Bombshell Report Finds Phone Network Encryption Was Deliberately Weakened

A new paper shows that two old encryption algorithms still used in mobile networks can be exploited to spy on phones' internet traffic.
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A weakness in the algorithm used to encrypt cellphone data in the 1990s and 2000s allowed hackers to spy on some internet traffic, according to a new research paper

The paper has sent shockwaves through the encryption community because of what it implies: The researchers believe that the mathematical probability of the weakness being introduced on accident is extremely low. Thus, they speculate that a weakness was intentionally put into the algorithm. After the paper was published, the group that designed the algorithm confirmed this was the case.


Researchers from several universities in Europe found that the encryption algorithm GEA-1, which was used in cellphones when the industry adopted GPRS standards in 2G networks, was intentionally designed to include a weakness that at least one cryptography expert sees as a backdoor. The researchers said they obtained two encryption algorithms, GEA-1 and GEA-2, which are proprietary and thus not public, "from a source." They then analyzed them and realized they were vulnerable to attacks that allowed for decryption of all traffic. 

When trying to reverse-engineer the algorithm, the researchers wrote that (to simplify), they tried to design a similar encryption algorithm using a random number generator often used in cryptography and never came close to creating an encryption scheme as weak as the one actually used: "In a million tries we never even got close to such a weak instance," they wrote. "This implies that the weakness in GEA-1 is unlikely to occur by chance, indicating that the security level of 40 bits is due to export regulations."

Researchers dubbed the attack "divide-and-conquer," and said it was "rather straightforward." In short, the attack allows someone who can intercept cellphone data traffic to recover the key used to encrypt the data and then decrypt all traffic. The weakness in GEA-1, the oldest algorithm developed in 1998, is that it provides only 40-bit security. That's what allows an attacker to get the key and decrypt all traffic, according to the researchers. 


"To meet political requirements, millions of users were apparently poorly protected while surfing for years."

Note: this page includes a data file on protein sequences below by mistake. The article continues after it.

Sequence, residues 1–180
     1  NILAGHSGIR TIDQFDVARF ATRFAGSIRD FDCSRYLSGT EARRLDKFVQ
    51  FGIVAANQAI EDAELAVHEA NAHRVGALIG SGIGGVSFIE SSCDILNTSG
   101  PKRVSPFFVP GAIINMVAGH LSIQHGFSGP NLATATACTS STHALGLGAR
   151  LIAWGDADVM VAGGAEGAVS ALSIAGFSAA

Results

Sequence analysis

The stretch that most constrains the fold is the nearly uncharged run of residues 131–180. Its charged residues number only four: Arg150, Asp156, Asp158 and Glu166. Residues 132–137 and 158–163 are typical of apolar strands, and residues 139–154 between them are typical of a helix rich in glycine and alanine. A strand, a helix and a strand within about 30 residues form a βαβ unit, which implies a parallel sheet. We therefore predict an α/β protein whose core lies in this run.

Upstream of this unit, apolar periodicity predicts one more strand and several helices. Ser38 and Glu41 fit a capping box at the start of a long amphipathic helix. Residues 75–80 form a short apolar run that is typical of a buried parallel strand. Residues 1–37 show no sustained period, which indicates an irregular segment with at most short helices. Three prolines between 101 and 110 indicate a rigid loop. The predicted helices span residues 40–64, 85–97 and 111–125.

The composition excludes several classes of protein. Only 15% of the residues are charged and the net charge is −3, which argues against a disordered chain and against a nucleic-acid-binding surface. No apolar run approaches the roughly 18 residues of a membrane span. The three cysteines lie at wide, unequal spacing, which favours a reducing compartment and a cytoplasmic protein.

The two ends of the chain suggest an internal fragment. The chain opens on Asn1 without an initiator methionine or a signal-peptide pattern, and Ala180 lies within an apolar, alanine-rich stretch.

A spokesperson for the organization that designed the GEA-1 algorithm, the European Telecommunications Standards Institute (ETSI), admitted that the algorithm contained a weakness, but said it was introduced because the export regulations at the time did not allow for stronger encryption. 

"We followed regulations: we followed export control regulations that limited the strength of GEA-1," a spokesperson for ETSI told Motherboard in an email. 

Håvard Raddum, one of the researchers who worked on the paper, summed up the implications of this decision in an email to Motherboard.

"To meet political requirements, millions of users were apparently poorly protected while surfing for years," he said. 

Raddum and his colleagues found that GEA-1's successor, GEA-2 did not contain the same weakness. In fact, the ETSI spokesperson said that when they introduced GEA-2 the export controls had been eased. Still, the researchers were able to decrypt traffic protected by GEA-2 as well with a more technical attack, and concluded that GEA-2 "does not offer a high enough security level for today's standards," as they wrote in their paper. 

Lukasz Olejnik, an independent cybersecurity researcher and consultant who holds a computer science PhD from INRIA, told Motherboard that "this technical analysis is sound, and the conclusions as to the intentional weakening of the algorithm rather serious."


The good news is that GEA-1 and GEA-2 are not widely used anymore after cellphone providers adopted new standards for 3G and 4G networks. The bad news is that even though ETSI prohibited network operators from using GEA-1 in 2013, the researchers say that both GEA-1 and GEA-2 persist to this day because GPRS is still used as a fallback in certain countries and networks. 

"In most countries, [the risk is] not very high, and significantly lower risk than at the start of the 2000’s since GEA-3 and GEA-4 are used today," Raddum said. "But handsets still support GEA-1. Scenarios where a mobile phone today can be tricked into using GEA-1 exist."

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In fact, the researchers tested several modern phones to see if they would still support the vulnerable algorithms and "surprisingly" found that they still do. The researchers said that it's the baseband manufacturers who are responsible for implementing standards.

"The use of GEA-1 has still far-reaching consequences on the user’s privacy," the researchers wrote, "and should be avoided at all costs."

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